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Iranian-Born Artist Explores Cost Of Egypt's Revolution

Iranian-Born Artist Explores Cost Of Egypt's Revolutioni
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February 24, 2014
The work of Iranian-born artist Shirin Neshat has been heralded by art critics and collected by major museums. Her photographs, films and video installations deal with gender, politics and religion in the Islamic world. VOA's Carolyn Weaver reports.

Iranian-Born Artist Explores Cost Of Egypt's Revolution

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Carolyn Weaver
— The work of Iranian-born artist Shirin Neshat, whose photographs, films and video installations deal with gender, politics and religion in the Islamic world, has been heralded by art critics and collected by major museums.

Although Neshat has lived in the United States since the 1970s, her work has most often been focused on the lives of women in Iran, and more recently with the aftermath of the Arab Spring in Egypt.
 
In 2010, a critic for The Huffington Post named her "Artist of the Decade," saying that Neshat's art reflects the struggle for human rights by "voiding stereotypes," revealing the "diversity within Islam and Iran." 

Neshat's 2009 film, Women Without Men, a magical-realist tale of women in Iran at the time of the 1953 coup, won the top directing award at the Venice Film Festival. 

She is equally well known for her photographic portraits, on which she inscribes verses of Persian poetry in tiny script. Her current show, Our House Is on Fire, is at New York's Robert Rauschenberg Foundation, which chose Neshat for its annual human rights commission to an individual artist. She used it to make portraits of poor, elderly people in Egypt. She conceived the project after the sudden death of the daughter of her long-time photographer, Larry Barns.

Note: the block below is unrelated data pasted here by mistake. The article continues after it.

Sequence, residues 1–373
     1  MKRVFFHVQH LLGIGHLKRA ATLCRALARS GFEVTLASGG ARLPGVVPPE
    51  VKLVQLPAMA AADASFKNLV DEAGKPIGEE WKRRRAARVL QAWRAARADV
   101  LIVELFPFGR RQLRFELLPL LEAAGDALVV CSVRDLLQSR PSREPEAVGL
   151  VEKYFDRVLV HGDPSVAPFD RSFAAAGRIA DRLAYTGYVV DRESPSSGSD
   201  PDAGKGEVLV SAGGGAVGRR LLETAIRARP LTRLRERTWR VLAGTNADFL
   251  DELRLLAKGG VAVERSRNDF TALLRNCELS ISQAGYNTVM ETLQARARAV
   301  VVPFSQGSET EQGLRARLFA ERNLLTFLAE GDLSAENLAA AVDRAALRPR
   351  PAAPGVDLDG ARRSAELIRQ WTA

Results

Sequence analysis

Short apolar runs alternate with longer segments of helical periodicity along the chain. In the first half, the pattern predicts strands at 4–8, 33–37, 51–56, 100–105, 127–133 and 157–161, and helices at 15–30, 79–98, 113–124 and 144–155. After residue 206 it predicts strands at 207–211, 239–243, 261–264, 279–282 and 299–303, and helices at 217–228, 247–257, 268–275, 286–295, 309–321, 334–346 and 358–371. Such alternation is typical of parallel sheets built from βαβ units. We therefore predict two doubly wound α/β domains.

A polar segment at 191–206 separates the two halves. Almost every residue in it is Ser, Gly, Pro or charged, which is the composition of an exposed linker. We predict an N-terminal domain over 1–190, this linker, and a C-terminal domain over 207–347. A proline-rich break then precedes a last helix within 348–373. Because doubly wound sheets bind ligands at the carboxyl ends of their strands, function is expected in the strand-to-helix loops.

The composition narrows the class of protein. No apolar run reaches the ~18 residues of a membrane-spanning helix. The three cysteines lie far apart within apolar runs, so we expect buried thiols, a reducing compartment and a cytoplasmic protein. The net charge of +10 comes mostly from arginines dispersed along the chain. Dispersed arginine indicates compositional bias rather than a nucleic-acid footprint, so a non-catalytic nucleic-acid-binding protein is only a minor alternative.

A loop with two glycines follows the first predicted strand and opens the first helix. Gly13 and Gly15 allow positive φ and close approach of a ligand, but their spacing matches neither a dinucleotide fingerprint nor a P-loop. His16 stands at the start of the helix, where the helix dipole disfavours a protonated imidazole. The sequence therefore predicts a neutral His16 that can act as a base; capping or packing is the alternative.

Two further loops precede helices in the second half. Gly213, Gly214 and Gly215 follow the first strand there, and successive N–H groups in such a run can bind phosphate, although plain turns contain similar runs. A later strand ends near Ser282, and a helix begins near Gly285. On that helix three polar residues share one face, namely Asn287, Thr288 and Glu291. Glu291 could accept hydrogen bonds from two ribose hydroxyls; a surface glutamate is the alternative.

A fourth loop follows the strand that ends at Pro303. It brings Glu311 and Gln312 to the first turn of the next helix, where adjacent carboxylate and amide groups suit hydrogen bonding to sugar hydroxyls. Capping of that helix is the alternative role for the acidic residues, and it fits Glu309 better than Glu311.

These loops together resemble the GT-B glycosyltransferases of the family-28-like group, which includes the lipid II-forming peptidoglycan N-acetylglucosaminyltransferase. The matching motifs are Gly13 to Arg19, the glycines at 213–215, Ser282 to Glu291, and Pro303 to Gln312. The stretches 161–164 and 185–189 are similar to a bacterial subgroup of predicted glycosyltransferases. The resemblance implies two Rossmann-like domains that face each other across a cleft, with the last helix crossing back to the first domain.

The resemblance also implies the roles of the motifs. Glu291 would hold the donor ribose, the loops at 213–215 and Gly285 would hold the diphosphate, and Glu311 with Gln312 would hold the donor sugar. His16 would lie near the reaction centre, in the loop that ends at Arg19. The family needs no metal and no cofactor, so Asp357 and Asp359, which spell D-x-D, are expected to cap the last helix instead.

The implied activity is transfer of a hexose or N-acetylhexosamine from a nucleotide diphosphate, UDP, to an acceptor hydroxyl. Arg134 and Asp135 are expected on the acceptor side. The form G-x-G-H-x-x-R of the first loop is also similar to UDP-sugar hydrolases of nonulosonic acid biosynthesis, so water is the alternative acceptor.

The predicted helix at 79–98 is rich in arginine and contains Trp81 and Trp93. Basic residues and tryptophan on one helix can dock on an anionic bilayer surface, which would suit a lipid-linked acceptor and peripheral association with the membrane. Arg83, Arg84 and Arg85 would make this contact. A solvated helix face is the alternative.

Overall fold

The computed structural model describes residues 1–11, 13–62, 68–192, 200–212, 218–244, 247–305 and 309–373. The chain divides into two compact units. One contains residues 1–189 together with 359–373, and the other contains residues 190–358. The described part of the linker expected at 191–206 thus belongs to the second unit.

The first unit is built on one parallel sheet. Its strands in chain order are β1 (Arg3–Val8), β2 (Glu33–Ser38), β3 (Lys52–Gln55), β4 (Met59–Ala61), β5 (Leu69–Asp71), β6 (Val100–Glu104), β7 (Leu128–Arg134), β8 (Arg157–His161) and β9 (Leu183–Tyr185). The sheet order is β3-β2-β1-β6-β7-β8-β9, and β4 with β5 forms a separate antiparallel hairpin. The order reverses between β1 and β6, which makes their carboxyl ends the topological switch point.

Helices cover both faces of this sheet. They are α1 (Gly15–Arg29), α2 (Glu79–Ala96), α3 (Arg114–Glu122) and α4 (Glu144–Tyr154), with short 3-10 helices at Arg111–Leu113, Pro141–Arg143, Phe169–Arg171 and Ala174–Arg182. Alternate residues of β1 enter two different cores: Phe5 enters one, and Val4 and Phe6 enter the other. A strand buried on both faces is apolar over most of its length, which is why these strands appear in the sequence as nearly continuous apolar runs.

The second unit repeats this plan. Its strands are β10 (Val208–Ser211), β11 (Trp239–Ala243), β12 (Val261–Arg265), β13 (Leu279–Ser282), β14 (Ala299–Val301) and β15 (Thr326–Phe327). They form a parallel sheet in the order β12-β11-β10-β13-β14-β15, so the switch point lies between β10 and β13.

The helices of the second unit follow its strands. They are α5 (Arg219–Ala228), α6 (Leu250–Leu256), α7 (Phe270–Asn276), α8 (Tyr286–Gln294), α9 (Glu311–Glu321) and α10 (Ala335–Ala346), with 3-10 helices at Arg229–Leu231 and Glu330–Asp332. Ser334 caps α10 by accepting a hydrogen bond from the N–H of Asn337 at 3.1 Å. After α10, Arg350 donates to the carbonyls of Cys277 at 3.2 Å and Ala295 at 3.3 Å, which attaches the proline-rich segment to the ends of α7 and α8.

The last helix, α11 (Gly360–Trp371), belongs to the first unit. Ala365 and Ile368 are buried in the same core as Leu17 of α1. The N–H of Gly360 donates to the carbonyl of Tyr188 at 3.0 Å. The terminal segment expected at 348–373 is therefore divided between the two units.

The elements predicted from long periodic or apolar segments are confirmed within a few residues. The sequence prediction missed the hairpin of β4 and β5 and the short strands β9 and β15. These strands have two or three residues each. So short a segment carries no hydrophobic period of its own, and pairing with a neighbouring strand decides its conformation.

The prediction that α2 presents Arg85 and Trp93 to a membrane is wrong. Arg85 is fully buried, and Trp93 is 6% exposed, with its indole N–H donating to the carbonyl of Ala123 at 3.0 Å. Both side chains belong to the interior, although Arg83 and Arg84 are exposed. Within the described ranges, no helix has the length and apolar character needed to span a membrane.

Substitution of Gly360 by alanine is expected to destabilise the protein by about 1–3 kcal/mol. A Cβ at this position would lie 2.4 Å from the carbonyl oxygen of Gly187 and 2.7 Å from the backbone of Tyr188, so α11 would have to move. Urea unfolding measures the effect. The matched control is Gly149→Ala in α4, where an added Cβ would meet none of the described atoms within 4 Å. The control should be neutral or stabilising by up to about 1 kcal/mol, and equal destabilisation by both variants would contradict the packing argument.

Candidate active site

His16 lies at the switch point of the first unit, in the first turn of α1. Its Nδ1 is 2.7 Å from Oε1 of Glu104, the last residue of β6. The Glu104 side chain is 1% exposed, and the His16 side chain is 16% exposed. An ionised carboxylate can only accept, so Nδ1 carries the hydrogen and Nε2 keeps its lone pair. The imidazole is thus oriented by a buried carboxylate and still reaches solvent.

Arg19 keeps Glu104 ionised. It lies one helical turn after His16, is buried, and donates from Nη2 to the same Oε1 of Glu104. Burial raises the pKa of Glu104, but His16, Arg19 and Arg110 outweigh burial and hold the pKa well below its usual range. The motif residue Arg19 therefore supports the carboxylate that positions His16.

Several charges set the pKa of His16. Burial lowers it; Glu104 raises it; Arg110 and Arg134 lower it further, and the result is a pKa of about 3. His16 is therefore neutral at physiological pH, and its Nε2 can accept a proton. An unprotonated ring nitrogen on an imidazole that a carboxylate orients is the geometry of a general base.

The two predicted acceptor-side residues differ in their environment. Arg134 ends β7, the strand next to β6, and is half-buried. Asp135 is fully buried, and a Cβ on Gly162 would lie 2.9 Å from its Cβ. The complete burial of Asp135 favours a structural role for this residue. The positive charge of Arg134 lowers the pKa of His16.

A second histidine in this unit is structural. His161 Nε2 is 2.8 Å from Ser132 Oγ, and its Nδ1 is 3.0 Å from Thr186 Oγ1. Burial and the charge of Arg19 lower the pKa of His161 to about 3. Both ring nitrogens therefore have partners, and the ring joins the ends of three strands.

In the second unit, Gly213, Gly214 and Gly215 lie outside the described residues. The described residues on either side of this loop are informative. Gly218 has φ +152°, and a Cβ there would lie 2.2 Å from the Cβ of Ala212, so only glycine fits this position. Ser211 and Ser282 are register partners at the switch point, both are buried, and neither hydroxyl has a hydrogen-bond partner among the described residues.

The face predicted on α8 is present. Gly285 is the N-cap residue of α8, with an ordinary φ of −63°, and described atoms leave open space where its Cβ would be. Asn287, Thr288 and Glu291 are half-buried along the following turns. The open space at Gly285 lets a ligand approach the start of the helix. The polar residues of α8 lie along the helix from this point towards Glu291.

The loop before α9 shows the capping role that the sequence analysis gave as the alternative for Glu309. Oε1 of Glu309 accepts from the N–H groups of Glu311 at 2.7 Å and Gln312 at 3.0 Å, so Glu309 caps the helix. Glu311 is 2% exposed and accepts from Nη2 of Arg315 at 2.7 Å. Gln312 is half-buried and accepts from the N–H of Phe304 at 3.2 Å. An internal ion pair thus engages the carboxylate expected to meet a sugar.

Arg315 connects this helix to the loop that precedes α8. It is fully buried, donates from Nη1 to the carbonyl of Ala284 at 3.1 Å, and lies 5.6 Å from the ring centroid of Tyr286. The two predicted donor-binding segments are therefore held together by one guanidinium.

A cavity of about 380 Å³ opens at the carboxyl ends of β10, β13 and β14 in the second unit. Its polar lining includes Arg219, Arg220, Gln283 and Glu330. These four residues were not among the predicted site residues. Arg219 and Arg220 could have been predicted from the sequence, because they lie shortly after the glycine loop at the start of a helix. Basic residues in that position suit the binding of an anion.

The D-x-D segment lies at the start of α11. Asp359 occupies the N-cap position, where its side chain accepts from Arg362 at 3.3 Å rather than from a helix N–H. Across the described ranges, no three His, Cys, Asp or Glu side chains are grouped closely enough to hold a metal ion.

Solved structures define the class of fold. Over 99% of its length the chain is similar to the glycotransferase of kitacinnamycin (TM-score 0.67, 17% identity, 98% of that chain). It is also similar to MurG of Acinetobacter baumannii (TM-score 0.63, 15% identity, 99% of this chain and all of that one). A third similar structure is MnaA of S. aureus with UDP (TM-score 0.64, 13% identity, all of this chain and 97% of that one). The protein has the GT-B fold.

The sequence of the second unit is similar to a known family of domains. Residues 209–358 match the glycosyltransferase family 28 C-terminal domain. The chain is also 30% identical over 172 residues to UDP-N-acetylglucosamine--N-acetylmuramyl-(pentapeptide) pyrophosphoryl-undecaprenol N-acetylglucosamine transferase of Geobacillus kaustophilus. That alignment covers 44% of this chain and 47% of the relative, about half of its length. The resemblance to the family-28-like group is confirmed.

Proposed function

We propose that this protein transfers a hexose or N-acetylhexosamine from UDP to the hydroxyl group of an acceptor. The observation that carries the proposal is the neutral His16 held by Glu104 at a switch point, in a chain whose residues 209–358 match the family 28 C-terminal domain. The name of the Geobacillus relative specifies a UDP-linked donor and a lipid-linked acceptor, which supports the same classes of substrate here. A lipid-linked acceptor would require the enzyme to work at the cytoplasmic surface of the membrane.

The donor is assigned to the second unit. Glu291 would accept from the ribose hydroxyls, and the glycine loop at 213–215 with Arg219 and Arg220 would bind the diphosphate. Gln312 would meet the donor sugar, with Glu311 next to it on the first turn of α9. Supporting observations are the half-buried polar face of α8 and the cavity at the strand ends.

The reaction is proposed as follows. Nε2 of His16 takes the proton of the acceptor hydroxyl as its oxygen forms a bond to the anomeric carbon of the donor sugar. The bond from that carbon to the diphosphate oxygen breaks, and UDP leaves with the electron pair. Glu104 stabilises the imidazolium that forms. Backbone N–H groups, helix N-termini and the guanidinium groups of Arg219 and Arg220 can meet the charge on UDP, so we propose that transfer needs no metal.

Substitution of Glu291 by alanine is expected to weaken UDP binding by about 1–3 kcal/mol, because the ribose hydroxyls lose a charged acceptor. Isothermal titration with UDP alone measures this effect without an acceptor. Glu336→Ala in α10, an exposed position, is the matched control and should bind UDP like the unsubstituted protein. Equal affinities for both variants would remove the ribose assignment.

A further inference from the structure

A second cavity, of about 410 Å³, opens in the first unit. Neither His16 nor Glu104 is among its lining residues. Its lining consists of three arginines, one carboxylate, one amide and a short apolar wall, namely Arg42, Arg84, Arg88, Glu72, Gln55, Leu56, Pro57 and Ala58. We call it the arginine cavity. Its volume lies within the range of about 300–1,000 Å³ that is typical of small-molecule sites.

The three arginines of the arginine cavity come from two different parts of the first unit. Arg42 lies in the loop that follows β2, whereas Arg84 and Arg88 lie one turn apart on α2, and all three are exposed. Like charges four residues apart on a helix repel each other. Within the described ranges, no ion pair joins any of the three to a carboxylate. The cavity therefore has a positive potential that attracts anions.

“The concept of this exhibition is about the aftermath of the wonderful Arab Spring, which we hope is still continuing, but for the moment has had some catastrophic results,” Neshat said in an interview. “And I wanted to create a group of photographs that talks about the human dimension, the street people that have lost a great deal, lost loved ones.”

She interviewed men and women through an Arabic language interpreter, asking them to think about the losses they had suffered as Barns captured their images.

“I told them if they wanted to talk about it, I was all ears, but if they didn't want to talk about it, and just respond to it by their facial expression, that was also perfectly fine.  It's the first time I have come this close to being a documentary artist, in a way that's really tapping into real human beings and real emotions, as opposed to fictional characters that try to play a role,” she said.

The portraits resemble photo-realistic drawings, an effect caused by the microscopic calligraphy overlaid on the faces, visible only in extreme close-up.
The show also includes photographs of feet, soles up, with identifying toe-tags dangling. Neshat said those images were in response to the Egyptian military's attack on Muslim Brotherhood protesters last summer.

“I was just struck by the endless amount of images I saw of dead young people, that were all laid down, and they had these feet, and the tag that came as their identity, I suppose,” Neshat said. “And I felt in the context of this narrative that it was very important for us to remind ourselves again that the euphoric and wonderful, inspiring energy that came from the Arab Spring, so much of it ended in terrible violence.”

The Rauschenberg Foundation will donate the proceeds from two of the works from Our House  Is on Fire to a rights initiative of the artist's choosing, in this case, human rights in Egypt. Neshat’s next project is a fictional film about the legendary Egyptian singer Umm Kulthum, which she plans to begin shooting later this year or early in 2015.

Additional reporting by Melody Safavi.

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